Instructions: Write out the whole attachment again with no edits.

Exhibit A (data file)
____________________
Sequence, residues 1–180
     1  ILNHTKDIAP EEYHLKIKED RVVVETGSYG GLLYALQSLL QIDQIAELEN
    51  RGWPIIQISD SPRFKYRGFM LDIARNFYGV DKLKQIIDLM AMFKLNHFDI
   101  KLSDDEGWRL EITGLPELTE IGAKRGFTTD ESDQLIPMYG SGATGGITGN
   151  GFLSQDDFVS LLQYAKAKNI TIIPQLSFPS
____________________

Sequence, residues 1–180
     1  ILNHTKDIAP EEYHLKIKED RVVVETGSYG GLLYALQSLL QIDQIAELEN
    51  RGWPIIQISD SPRFKYRGFM LDIARNFYGV DKLKQIIDLM AMFKLNHFDI
   101  KLSDDEGWRL EITGLPELTE IGAKRGFTTD ESDQLIPMYG SGATGGITGN
   151  GFLSQDDFVS LLQYAKAKNI TIIPQLSFPS